How do doctors diagnose type 1 diabetes?

If a patient has signs and symptoms of diabetes, blood and urine tests can help the doctor determine if it is type 1 or type 2 diabetes.

Type 1 diabetes tests include:

  • Antibody tests. Specific types of blood tests can reveal whether you have autoimmune antibodies common in people with type 1 diabetes: islet cell autoantibodies (ICA), glutamic acid decarboxylase autoantibodies (GAD-65), insulin autoantibodies(IAA), and protein tyrosine phosphatase autoantibodies (IA-2A).
  • Fasting blood sugar test. A level of 126 mg/dL or higher indicates diabetes.
  • Glycated hemoglobin (HbA1C) test. HbA1C is a test that represents how well your body controlled blood sugar over the last 2 to 3 months. Higher levels of sugar-modified hemoglobin mean higher blood sugar levels. You likely have diabetes if the value is 6.5% or higher at two different testing dates.
  • Random blood sugar test. A level of 200 mg/dL (milligrams per deciliter) or higher indicates diabetes.
  • Urine ketone test. If you have type 1 diabetes, your body cannot use sugar from food for energy, so it breaks down fat as a source of energy. Ketones are a breakdown product of fat.

How is type 1 diabetes treated?

The goal of type 1 diabetes treatment is to normalize blood sugar levels. For most people, this means keeping blood sugar between 80 and 130 mg/dL. There are other targets, including after-meal blood sugar levels and HbA1C levels. HbA1C is a test that shows long-term blood sugar control over the last 2 to 3 months. In most cases, the goal result is 7%. Your doctor may have different target levels for you, depending on your specific situation.

Types of insulin

To accomplish these goals, people with type 1 diabetes need to use insulin because the body does not make any. There are different types of insulin based on how quickly and how long they work:

  • Rapid-acting insulin
  • Short-acting insulin
  • Intermediate-acting insulin
  • Long-acting insulin

Rapid- and short-acting insulins work to cover rises in blood sugar after meals. Intermediate- and long-acting insulins have a more gradual action to provide a basal level of insulin throughout the day.

How to take insulin and monitor blood sugar

The main ways to take insulin is by giving yourself injections throughout the day or using an insulin pump. People who use insulin injections use a needle and syringe to inject insulin under the skin. An insulin pump is a small device on the outside of your body that delivers insulin under your skin through a small catheter.


When you use insulin, you need to monitor your blood sugar throughout the day. These measurements help you fine-tune your insulin dose. It can also tell you if your blood sugar levels are getting too high or too low.

There are two main ways to check your blood glucose—a glucometer or a continuous glucose monitor (CGM). With a glucometer, you prick your finger several times a day to check your blood sugar. A CGM has a sensor under your skin that checks your blood sugar every few minutes. Many people with type 1 diabetes use a CGM because it is especially helpful for preventing hypoglycemia—low blood sugar. It also shows you the rate and direction of your blood sugar levels.

Artificial pancreas

CGM technology paired with an insulin pump is known as a hybrid closed-loop system, or artificial pancreas. The system monitors blood sugar and delivers basal insulin as necessary. However, it requires information from you about meals in order to deliver short-acting insulin doses. Someday, a fully closed-loop system may be available.

Other components of type 1 diabetes treatment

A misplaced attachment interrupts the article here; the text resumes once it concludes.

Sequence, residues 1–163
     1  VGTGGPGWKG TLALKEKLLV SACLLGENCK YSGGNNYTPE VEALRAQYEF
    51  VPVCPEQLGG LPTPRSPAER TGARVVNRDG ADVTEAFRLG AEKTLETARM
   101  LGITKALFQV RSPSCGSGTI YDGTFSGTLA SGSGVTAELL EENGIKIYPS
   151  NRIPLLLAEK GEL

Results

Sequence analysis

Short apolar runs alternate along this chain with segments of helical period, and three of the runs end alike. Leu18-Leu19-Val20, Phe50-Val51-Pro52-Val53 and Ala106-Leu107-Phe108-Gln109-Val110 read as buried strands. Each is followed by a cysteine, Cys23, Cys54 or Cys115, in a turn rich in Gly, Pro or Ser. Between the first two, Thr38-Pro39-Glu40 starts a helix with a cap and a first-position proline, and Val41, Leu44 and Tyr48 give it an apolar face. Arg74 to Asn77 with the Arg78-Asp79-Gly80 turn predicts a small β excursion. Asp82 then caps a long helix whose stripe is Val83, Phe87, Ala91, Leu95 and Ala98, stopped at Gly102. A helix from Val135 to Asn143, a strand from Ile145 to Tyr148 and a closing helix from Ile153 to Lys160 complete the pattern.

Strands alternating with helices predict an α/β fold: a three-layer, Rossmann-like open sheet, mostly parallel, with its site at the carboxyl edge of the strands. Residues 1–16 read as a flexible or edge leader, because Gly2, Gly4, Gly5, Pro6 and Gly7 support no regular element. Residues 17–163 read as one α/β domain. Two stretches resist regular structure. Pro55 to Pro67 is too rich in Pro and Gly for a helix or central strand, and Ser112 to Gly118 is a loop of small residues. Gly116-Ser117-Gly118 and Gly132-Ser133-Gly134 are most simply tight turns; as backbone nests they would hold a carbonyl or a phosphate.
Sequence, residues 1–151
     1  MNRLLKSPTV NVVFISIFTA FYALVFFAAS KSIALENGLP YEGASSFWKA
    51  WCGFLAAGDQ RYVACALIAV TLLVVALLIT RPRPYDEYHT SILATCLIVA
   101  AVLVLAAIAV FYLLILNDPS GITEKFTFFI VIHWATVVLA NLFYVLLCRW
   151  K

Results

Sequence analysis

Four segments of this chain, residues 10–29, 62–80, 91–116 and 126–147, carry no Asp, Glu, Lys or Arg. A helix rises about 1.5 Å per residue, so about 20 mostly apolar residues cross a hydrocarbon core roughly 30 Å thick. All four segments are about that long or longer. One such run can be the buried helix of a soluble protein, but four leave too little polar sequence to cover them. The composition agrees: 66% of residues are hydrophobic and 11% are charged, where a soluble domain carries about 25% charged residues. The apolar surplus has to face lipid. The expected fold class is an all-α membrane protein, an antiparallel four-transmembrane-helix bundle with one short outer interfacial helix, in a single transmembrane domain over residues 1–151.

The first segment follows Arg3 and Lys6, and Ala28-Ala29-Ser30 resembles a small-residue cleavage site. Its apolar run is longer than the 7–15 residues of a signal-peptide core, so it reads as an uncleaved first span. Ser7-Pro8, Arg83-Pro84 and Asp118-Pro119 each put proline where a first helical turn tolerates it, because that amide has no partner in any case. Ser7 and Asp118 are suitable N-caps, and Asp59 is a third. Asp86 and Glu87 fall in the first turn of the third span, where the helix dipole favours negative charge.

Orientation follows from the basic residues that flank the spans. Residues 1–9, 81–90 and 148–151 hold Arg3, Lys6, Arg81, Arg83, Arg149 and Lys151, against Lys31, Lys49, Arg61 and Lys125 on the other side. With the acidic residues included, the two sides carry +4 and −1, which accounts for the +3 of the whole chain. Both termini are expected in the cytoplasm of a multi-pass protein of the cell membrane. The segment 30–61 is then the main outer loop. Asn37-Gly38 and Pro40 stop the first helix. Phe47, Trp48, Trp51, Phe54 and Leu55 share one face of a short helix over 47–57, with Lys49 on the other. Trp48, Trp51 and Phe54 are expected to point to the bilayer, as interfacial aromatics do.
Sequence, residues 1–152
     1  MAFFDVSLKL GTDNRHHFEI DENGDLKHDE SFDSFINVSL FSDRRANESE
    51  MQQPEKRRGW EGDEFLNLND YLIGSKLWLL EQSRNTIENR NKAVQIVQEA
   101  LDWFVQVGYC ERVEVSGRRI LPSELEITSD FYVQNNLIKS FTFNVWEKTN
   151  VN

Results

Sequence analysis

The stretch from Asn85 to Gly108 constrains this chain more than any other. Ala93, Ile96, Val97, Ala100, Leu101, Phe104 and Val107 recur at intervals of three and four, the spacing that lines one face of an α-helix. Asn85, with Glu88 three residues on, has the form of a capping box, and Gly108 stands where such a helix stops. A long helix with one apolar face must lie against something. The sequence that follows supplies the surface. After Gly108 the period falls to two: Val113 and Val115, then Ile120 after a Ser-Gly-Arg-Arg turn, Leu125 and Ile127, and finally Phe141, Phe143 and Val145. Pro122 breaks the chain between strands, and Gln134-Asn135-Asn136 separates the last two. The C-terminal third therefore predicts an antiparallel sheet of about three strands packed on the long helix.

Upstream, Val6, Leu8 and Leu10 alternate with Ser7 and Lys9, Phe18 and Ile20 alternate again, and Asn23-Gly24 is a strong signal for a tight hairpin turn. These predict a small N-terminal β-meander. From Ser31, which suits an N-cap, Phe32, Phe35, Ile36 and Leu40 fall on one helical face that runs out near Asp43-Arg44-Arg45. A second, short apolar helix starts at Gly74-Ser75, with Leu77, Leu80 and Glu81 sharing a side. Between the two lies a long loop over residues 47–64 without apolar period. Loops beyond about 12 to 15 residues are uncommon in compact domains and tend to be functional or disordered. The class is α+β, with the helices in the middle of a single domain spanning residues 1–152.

Type 1 diabetes treatment also includes:

  • Carbohydrate counting and monitoring
  • Food planning including meals, snacks and desserts
  • Regular exercise and physical activity

What are the diet and nutrition tips for type 1 diabetes?

Eating the right foods can help you manage type 1 diabetes because different foods affect blood sugar in different ways. The best foods to include in your diet are those high in nutrition and not likely to spike your blood glucose. Ask your healthcare provider for guidance before making significant changes to your diet.

Foods to include in a type 1 diabetes diet include:

  • Beans and nuts, which provide protein, fiber and nutrients without added sugar
  • Berries, which are a common “superfood” full of antioxidants, and citrus fruits
  • Fish high in omega-3 fatty acids
  • Poultry, which is another low-fat protein source
  • Whole grains without added sugar, which provide fiber and nutrients
  • Vegetables packed with nutrients and fiber, including non-iceberg lettuce (iceberg is lower in nutrients than other varieties), sweet potatoes, squash, and other vibrant vegetables

If you or a family member has type 1 diabetes, working with a diabetes dietitian may be helpful. This healthcare professional can provide diet and nutrition tips that will hold true for years to come.

How does type 1 diabetes affect quality of life?

Quality of life involves social and emotional, professional, and physical well-being. Studies investigating the quality of life of people living with type 1 vary considerably. Some show a broad and negative impact on quality of life, while others show no differences in quality of life between type 1 diabetics and a control population.

A 2020 study out of France looking at the quality of life of people living with type 1 diabetes for more than 40 years (diagnosed in 1970 to 1972) showed a high percentage were living a “fully rewarding life,” despite 97% of them monitoring blood sugar three times a day.

The effects of a chronic disease include its financial burden. Over a lifetime, people with type 1 diabetes spend about $75,000 more out-of-pocket on medical expenses than people without it, as determined by a simulation model of type 1 diabetes populations in the United States.

Your healthcare team can help you live well with type 1 diabetes by setting realistic blood glucose goals and supporting you along the way. The key to staying healthy with type 1 diabetes is learning how to take care of yourself.